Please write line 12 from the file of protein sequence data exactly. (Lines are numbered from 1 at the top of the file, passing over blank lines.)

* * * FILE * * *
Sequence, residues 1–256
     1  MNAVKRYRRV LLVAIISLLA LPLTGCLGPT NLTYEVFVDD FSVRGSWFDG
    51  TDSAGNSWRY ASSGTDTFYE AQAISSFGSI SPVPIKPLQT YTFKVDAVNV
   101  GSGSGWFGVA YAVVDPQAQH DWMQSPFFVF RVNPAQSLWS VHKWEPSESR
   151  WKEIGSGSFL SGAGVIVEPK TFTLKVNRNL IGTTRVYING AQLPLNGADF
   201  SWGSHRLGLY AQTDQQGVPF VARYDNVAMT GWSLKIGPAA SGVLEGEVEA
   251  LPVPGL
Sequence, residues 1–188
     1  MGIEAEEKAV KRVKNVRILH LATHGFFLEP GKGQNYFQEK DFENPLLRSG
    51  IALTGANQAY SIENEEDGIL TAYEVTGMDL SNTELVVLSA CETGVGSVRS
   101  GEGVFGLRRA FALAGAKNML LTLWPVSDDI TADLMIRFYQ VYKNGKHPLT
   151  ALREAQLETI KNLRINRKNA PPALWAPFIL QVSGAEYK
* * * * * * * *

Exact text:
   151  ALREAQLETI KNLRINRKNA PPALWAPFIL QVSGAEYK